• My question is exactly with regard to this Law. If the FAA has already scheduled certification tests for the MAX 10 for early 2023, it seems they already know that Congress will grant Boeing an extension of time to certify the aircraft without installing the new requirements.

          • @ Ricardo Braz
            At present, it seems that BA is just ignoring the December deadline, and is assuming that Congress will give a waiver.

            It may be in for a nasty surprise.

            And it seems to have overlooked the possibility that regulators outside the US will have more stringent requirements.

  5. Just to be clear. The FAA is not ‘pissed’ at Boeing.
    The FAA is finally doing the tasks they should’ve been doing all along and holding Boeing accountable.
    The FAA is doing their job and includes more oversight on the Boeing ODA personnel who technically report to the FAA.
    Aviation safety and program management are still very discombobulated. Worker morale is very poor and this affects quality build.

    • Nevertheless, the FAA may (for example) be “pissed” over the fact that it still has to babysit BA, and sign off on every MAX and 787 undergoing delivery — a role that expends huge amounts of FAA resources.
      It may also be “pissed” over the apparent lack of a proactive attitude by BA when it comes to providing documentation required by certification processes.
      Think of a teacher who is exasperated by the class dunce.

      • @Bryce

        Call it what you want to. The FAA is doing oversight like they are sanctioned by Congress to accomplish.
        Resource’s are their problem. It’s about time they started doing their job!
        I have a very good friend who worked for the FAA in WDC and he was always challenging leadership why they continued to agree to unlimited deviations, exemptions and ELOS requests to deviate from the FAR’s for Boeing. He never got an answer basically because they didn’t understand the safety consequences on approving these requests.

        • Reading this, I think you’d appreciate the new (Dominic Gates) documentary “Flight/Risk” on Amazon Prime. It doesn’t paint a flattering picture of the FAA — or, of course, of BA.

          • The FAA is probably pissed off at Boeing management.

            Boeing is more than the management though they are the ones that have driven the company into these issues.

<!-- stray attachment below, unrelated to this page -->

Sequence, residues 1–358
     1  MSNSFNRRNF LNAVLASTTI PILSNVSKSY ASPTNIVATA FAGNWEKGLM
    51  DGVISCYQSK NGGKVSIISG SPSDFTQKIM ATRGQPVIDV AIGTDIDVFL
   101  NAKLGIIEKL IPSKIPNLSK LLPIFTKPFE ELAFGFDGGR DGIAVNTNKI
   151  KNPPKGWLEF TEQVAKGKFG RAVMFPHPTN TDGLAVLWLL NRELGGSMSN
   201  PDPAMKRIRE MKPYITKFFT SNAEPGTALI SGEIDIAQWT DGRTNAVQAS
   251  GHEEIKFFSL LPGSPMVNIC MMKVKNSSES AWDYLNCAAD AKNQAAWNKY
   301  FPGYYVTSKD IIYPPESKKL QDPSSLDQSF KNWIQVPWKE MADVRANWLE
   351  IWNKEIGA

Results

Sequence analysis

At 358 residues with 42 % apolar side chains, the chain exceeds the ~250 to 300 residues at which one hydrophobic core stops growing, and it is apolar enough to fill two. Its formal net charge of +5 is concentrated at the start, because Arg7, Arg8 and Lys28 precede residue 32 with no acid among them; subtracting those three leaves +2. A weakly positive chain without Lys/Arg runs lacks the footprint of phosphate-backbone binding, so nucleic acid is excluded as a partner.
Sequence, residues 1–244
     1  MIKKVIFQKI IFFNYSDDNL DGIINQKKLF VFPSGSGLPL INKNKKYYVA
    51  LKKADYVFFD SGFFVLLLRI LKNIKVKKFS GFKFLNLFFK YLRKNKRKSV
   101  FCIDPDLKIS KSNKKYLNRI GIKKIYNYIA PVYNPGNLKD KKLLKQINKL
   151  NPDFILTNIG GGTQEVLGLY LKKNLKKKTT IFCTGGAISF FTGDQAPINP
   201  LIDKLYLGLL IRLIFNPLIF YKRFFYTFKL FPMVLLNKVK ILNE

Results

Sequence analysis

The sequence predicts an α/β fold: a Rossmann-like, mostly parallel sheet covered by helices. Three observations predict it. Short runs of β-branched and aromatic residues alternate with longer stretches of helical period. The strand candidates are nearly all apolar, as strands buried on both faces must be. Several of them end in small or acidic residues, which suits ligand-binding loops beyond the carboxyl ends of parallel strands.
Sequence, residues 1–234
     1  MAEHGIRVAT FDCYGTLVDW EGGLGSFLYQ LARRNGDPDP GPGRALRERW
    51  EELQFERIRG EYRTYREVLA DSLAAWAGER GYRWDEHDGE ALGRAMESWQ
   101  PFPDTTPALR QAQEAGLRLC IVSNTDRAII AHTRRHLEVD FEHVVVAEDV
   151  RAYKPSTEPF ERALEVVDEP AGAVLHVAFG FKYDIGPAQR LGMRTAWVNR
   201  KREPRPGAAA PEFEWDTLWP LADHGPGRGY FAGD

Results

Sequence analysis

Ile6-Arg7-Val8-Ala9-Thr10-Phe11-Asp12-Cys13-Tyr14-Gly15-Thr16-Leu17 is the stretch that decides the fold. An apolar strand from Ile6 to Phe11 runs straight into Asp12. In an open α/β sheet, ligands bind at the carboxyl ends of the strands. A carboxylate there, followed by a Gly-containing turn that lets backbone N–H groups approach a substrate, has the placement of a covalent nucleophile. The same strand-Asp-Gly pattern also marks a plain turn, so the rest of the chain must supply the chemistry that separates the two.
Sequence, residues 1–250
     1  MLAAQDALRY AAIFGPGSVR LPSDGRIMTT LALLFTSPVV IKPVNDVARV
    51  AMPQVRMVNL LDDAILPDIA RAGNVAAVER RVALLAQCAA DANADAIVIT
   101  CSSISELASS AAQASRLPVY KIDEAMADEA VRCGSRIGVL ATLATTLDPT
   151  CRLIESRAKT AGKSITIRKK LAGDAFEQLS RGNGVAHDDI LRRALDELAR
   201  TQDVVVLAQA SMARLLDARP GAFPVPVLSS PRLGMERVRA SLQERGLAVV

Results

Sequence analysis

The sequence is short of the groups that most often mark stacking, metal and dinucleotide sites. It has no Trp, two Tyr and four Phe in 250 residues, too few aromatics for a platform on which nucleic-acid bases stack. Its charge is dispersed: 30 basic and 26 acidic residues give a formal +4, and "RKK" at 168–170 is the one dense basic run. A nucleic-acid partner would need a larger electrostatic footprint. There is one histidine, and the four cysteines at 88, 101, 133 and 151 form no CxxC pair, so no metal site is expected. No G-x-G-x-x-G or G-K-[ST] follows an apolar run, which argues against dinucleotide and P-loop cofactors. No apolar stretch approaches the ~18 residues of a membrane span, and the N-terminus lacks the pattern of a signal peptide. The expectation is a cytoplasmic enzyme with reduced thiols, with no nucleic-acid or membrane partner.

The inspectors are most likely trying to do their job as are all the tech people tring to come up with compliance actions despite management causing issues.

            The FAA issued a reprimand to Boeing and noted the culture does not get it. Management is sadly used to the corner cutting.

            The FAA is finally doing its job.

            And despite many repeating the Urban Legend of the FAA as a gold standard, it in the past has not been. The standards were there, what was not was the enforcing of those standards.

            At least for now they are being enforced.

  6. @TW,

    Mostly agree with you.
    Boeing quality inspection has been reduced ten fold in the name of ‘process improvements’ (lean). Much of the work is self inspected now as they figure the person who installs the widgets knows it best and will report defects and/or the functional test will catch it and of course then create rework.
    The FAA has bought off on all this.

    Safety 🤷‍♂️

    • I don’t think it is the management that leaves debris in the wings, leaves fasteners out etc.. It’s the people who install the widgets etc., and now they’re policing themselves? Lunatics in charge of the asylum!

  7. Regarding the MAX in China:
    Bloomberg: “Boeing Held Talks With China Regulator on 737 Max Comeback”

    “Boeing Co. and China’s aviation authority held a meeting on Sept. 14 to evaluate the 737 Max aircraft, which hasn’t been fully approved to return to commercial service in the country despite flying again in most other markets.

    “The talks were held in Zhoushan in eastern China, according to CAAC News, the media arm of the Civil Aviation Administration of China. Boeing has a completion and delivery center in Zhoushan, to the south of Shanghai.

    “The regulator is expected to release an updated report on the Max after issues raised at the meeting are resolved. That will signal the completion of the process required for the Boeing jet to be reintroduced in China, the CAAC said. No timeline was provided.”

    • The problems of the Max in China is many fold. It of course started with the two crashes; was not helped by the complications of COVID or the obtuseness of the previous administration… And I presume further complicated by the references in this story to the politics of the day. It will be interesting to read the further reporting on this subject.